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Sunday June 4, 2006

Challenge of creating more space


TO squeeze out more land for a proposed population of six or seven million, futuristic-minded Singapore has not only been pushing the sea back, but also digging deep into the bowels of the earth to create space. 

During the past decade, this over-crowded island has speeded up a long-term plan to resolve its two fundamental shortages – land and people.  

It has been carving out large subterranean pieces all over the island to get more land for military, commercial, transportation, industrial and institutional purposes.  

One of its current projects is building South-East Asia’s longest underground tunnel to alleviate traffic jams.  

By next year, when it’s completed, it will have an 18km road that links two other expressways with the tunnel forming half of it, expanding its network of underground transport systems. 

This supplements the 20km North East mass rapid transit (MRT) line, which opened three years ago, most of which runs below ground. 

Singapore, already one of the world’s densest cities with 4.3 million people, plans to have a population of six to seven million by 2030.  

It calls for a long-term creative effort that requires planners to regard land as a non-finite commodity.  

That strategy began just after 1965 by building upward, packing millions of people into high-rise homes and offices.  

Cemeteries were cleared with the citizens, except Muslims, asked to reclaim family members for cremation. 

“In Singapore, even the dead had to make way for the living,” I wrote then. 

This upward mobility will go higher. The government has announced that future Housing Board (HDB) flats will be 40 or even 80 storeys high, compared to the current 20-plus.  

Some of these blocks will be joined by mid-floor walkways for convenience and better land use. 

The second strategy is through reclamation, an on-going process of pushing back the sea. After decades at it, Singapore is now bigger by a whole Hong Kong Island.  

The city’s size of 580 sq km in 1965 has been widened to 650 sq km, a 12% expansion of 70 sq km.  

In comparison, Hong Kong island measures 78 sq km. Singapore could measure 720 sq km by 2010 and 820 sq km by 2030, the timetable depending on the availability of sand.  

The proposed Sands’ S$5bil (RM11.53bil) casino resort – one of two – will be built on reclaimed land in Marina Bay. 

A S$7bil (RM16.14bil) project to join up seven outlying islands was completed several years ago to make up Singapore’s chemical hub.  

But there is a point beyond which reclamation will become exhausted, so burrowing has become more crucial. Some of the soil has been used for reclamation.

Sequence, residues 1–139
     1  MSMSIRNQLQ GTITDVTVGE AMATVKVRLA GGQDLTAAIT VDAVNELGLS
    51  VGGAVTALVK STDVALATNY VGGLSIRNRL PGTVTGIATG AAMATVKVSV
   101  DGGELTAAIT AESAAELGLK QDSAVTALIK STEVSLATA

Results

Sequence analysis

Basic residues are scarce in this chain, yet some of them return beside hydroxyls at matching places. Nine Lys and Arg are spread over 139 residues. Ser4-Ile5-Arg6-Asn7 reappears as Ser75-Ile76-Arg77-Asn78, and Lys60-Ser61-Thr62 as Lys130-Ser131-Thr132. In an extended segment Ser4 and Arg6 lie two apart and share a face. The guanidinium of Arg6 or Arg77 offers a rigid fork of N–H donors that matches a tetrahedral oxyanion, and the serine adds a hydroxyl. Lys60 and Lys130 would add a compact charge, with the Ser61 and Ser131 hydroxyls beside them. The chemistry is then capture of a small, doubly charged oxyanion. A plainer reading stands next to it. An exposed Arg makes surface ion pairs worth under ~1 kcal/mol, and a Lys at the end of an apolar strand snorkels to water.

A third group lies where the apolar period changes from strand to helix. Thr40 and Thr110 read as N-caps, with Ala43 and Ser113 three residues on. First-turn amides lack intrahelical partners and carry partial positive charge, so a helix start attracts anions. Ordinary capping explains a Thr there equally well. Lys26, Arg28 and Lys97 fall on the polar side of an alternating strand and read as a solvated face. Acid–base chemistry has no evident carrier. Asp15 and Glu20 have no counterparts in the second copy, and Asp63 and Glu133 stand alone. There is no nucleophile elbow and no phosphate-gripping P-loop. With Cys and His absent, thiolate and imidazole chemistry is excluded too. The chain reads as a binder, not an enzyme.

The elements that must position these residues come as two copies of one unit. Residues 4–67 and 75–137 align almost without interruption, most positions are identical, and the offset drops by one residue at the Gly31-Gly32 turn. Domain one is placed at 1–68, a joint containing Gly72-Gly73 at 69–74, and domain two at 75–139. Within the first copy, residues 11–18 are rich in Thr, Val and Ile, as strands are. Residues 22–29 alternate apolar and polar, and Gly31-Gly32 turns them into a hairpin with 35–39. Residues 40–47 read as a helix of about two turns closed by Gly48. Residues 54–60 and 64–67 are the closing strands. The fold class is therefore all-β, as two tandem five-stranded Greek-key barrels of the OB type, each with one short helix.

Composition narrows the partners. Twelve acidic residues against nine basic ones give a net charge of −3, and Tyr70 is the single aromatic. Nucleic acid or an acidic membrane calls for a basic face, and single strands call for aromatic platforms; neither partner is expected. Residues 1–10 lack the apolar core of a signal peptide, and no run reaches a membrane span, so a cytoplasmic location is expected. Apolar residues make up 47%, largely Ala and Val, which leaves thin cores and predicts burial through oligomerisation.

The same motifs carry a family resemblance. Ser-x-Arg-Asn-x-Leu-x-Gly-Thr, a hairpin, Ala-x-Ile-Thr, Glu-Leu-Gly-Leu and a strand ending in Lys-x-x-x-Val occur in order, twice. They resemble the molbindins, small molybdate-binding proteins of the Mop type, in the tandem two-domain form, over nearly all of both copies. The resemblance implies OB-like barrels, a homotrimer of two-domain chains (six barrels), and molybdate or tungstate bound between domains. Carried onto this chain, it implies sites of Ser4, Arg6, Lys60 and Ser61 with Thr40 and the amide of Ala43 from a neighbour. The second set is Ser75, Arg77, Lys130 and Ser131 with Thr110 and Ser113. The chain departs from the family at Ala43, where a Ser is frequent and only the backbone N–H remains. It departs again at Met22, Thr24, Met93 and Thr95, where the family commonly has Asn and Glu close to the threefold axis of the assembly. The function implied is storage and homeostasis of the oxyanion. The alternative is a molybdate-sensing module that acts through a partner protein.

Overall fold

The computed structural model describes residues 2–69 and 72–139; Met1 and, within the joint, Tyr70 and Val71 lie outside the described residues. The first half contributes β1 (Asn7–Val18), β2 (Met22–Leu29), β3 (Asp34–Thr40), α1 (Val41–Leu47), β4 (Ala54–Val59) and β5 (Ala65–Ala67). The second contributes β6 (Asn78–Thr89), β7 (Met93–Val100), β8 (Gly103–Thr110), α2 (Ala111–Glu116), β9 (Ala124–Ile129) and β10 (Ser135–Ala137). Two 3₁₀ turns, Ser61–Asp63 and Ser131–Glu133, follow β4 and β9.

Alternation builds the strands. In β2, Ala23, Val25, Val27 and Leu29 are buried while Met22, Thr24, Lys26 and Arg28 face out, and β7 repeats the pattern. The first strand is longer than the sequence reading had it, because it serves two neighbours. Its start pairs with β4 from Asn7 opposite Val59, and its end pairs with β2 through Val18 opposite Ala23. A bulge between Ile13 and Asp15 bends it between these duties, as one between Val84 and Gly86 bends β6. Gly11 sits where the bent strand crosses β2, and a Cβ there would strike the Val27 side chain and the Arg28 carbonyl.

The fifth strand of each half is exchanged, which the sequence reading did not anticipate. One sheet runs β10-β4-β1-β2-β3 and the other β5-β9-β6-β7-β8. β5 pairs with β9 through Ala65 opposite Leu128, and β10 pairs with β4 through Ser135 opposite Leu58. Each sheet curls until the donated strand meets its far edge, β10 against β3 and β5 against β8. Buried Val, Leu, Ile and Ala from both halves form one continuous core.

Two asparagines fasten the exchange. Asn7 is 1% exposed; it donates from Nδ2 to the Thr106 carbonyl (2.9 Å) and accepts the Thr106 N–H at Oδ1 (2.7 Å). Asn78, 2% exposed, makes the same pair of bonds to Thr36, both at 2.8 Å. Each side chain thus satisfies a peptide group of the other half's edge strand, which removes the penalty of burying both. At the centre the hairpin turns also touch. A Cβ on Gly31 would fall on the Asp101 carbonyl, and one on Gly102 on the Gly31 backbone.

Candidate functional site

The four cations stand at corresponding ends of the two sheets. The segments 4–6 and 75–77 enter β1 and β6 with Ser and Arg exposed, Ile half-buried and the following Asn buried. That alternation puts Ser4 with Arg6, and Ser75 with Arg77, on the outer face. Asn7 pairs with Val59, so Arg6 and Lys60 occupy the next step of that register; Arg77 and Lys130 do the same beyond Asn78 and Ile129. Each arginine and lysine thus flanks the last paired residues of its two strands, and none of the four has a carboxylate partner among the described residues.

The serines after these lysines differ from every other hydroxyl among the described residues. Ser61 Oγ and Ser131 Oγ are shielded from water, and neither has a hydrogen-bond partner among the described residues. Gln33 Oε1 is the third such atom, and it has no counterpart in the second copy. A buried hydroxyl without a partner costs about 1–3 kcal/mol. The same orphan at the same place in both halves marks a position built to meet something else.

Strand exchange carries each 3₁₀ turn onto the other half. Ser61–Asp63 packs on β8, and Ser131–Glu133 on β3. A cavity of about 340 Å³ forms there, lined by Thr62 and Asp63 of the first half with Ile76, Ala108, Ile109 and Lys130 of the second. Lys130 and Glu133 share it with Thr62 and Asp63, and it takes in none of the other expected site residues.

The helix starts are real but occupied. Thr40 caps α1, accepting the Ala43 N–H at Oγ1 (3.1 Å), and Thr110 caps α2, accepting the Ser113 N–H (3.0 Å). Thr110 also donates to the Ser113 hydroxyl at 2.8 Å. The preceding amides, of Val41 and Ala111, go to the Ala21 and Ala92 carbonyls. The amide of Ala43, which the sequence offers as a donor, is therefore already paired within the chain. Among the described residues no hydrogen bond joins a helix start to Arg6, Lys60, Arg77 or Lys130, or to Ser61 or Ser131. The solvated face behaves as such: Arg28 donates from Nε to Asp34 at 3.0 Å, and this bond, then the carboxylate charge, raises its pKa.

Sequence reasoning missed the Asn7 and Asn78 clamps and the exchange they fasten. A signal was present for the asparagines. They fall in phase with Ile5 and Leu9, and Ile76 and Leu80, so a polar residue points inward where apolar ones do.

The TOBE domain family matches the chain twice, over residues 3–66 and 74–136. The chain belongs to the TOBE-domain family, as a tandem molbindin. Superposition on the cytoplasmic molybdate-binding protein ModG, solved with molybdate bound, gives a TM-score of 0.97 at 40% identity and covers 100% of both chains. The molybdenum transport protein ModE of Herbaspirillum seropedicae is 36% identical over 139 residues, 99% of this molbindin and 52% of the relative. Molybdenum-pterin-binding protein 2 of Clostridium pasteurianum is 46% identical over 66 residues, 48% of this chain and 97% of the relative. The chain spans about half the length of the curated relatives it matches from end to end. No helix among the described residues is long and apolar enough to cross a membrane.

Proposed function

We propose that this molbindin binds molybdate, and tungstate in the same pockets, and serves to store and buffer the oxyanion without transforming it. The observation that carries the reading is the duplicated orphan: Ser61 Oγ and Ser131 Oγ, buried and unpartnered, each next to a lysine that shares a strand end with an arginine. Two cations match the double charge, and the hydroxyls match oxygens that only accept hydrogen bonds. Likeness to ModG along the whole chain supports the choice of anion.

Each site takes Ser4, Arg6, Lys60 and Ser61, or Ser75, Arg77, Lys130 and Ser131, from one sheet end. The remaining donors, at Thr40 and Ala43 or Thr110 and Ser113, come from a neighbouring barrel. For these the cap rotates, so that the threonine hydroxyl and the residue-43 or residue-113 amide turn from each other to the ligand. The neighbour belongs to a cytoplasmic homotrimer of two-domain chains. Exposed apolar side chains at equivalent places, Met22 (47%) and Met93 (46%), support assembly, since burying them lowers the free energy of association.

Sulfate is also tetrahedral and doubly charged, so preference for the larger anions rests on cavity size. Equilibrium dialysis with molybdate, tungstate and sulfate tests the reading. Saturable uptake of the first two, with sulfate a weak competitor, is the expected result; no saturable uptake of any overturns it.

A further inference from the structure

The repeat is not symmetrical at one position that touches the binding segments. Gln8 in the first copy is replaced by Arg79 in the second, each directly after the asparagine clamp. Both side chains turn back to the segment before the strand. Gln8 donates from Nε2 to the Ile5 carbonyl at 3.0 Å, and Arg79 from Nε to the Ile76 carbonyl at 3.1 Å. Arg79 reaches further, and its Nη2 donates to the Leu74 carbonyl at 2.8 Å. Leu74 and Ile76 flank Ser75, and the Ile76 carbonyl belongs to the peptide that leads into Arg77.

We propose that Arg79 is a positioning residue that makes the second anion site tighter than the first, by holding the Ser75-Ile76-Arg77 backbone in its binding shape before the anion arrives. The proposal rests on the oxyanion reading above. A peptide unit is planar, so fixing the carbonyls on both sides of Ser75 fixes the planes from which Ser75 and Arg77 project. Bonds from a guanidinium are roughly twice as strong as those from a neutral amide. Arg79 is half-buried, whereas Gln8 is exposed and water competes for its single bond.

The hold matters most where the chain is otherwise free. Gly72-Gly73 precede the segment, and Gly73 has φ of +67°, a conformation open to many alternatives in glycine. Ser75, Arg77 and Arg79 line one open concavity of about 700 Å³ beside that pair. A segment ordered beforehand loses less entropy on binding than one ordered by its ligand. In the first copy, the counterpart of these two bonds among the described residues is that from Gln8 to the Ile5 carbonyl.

In recent years, underground caverns were created as bomb shelters and storage for ammunition. 

Singapore is also building subterranean ring roads, a science lab, shopping complexes and a S$9bil (RM20.75bil) underground sewage system that will take 20 years to finish. 

Creating a city underground is, of course, slow and very costly but less intrusive, something that goes on almost with interruption through the years.  

Years ago, Minister Mentor Lee Kuan Yew returned from Paris impressed with its central underground ring roads and called for a possible adaptation in Singapore.  

The result is a S$4.8bil (RM11bil) plan to build a network of ring roads below the central business district. The first result came several years ago when Dhoby Ghaut, a five-level subterranean station linking three MRT lines was opened.  

It is linked underground to a shopping complex and the Istana Park and can cater to 20,000 people an hour.  

The need for more space comes as population growth is revised again and again.  

It wasn't long ago that government planners had said that the island republic could comfortably handle a four million population predictably by 2020.  

The figure was reached in the late 1990s, due to a large influx of foreigners. Out of today’s 4.3 million, about a million are from abroad.  

Singapore suffers from a declining birth rate and an ageing population and relies on foreign immigrants for rejuvenation and expansion.  

The projected six to seven million population by 2030 would require possibly naturalised citizens for every one Singaporean born here. 

Some of the planned underground projects include: 

·An underground science complex near the National University of Singapore.  

·The large sewage system that comprises two highway-size tunnels criss-crossing the island, 12 storeys below ground. Stretching for 80km with a series of smaller link sewers running another 170km, the project will take 20 years to finish.  

·The fourth refuse incinerator – a billion dollar project – at Tuas South and an offshore landfill at Pulau Semakau, are on schedule.  

With the acute shortage, land use is strictly apportioned. Just over 50% is used to build homes, schools and hospitals, almost 38% for industrial use and 12% for parks.  

In this new mood, many public buildings, including hospitals, and government and industrial buildings, have been redeveloped to provide larger cover-up area. 

“Underground space is an alternative for the future space development in Singapore,” an official said.  

This could be created in the form of caverns, tunnels and deep basement, for commercial, transportation, industrial and institutional purposes, he added.  

Another idea that is being explored is the use of subterranean space under very large parks, such as the one in Marina South. In Washington DC and Paris, for example, some museums are housed beneath public spaces. 

“Dare To Think” is today’s motto, and town planners and architects are being challenged to come up with any possibility, even building new cities on the sea.  

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